Among the more ridiculous assertions being bandied about these days is one that touts the Millennial generation as working hard to save the country because, as a demographic group, it tends to spend more than it earns.
This has been heard in various places lately. A report in The Fiscal Times said this generation, roughly described as people born in the 1980s and '90s, as "helping to jump start the economy in ways that their more fiscally conservative boomer parents are not." The same publication quoted the chief strategy officer for The Center for Generational Kinetics as saying, "When we look at the luxury market, Millennials are the growth engine going forward."
Except, of course, that they can't afford the items they are buying. If this is the engine to move the economy forward, it looks suspiciously similar to the engine that rode it to ruin only a few years ago by leveraging assets that were overvalued. Any benefits to the economy from such spending will be short-lived. A nation plagued by unsecured debts is hardly in a position to move forward.
Yet that describes many Millennials, according to recent reports. Forbes.com said earlier this month there are 79 million members of this generation, and a majority of them are either out of work, underpaid or saddled with debt from student loans. Bankrate.com says fully 25 percent of them owe more than they have in savings. Virtually all of them (94 percent) graduate college with debt. Added to this, young people have a much higher unemployment rate than the older generation.
When their debts are examined, the situation looks even worse. Those who are college students, and thus still unemployed, spend on average $784 a month on discretionary things such as food and entertainment, according to the Mooslyvania marketing agency. They buy a lot of electronic gadgets and fancy clothes, and they are spending increasing amounts on jewelry. Many of them consider items their parents thought of as luxuries to be necessities. If there are two words to describe the attitudes many of them have toward purchases, they would be "instant gratification."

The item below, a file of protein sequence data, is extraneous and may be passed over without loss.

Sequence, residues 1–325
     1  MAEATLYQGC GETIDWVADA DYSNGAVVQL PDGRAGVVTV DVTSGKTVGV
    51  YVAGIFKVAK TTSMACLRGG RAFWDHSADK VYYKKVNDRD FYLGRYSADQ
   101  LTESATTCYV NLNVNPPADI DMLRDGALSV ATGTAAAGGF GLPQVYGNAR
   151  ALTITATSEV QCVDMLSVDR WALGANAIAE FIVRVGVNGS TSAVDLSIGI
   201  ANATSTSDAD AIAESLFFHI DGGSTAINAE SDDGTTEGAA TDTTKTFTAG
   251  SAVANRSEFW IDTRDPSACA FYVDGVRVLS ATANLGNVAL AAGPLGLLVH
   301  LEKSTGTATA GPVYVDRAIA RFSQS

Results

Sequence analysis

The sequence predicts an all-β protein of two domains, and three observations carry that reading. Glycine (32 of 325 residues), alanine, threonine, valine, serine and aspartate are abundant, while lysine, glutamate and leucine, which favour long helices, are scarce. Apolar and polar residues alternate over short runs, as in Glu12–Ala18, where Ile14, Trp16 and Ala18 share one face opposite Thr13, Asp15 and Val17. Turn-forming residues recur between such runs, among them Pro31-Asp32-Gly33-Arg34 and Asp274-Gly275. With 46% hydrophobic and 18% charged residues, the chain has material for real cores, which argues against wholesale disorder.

A lot of experts are trying to understand this trend. One, Donna Sabino of IpsosOTX MediaCT, attributed it to the uncertainty of the times. "They grew up in a time of insecurity, with 9/11 and banks cheating people," she said.
That sounds plausible until you consider that the same uncertainties plagued young people during the Great Depression, when many banks failed and worldwide uncertainties gave rise to the extremist philosophies that eventually plunged the world into war. That generation was noted for its frugality.
The truth is there are no convenient excuses for overspending on consumer items, even if the Internet and social media make young people feel pressured to buy the latest and greatest things. If anything, parents of Millennials who, according to Vibrant Nation, tend to pay for many of their grown children's excesses (59 percent of mothers pay for a Millennial child's cellphone, for instance) are part of the problem.
USA Today reported last month on the dismal state of financial literacy among the younger generation, which it said would have long-term consequences for those people as well as society. Social programs, for instance, will be burdened with caring for those whose credit runs out and who lose the means to support themselves.
Utah is one of many states that requires financial literacy courses for high school students. That is commendable, but more must be done. In many cases, parents have to assume a greater responsibility to teach valuable lessons before their children pursue lives of misery.
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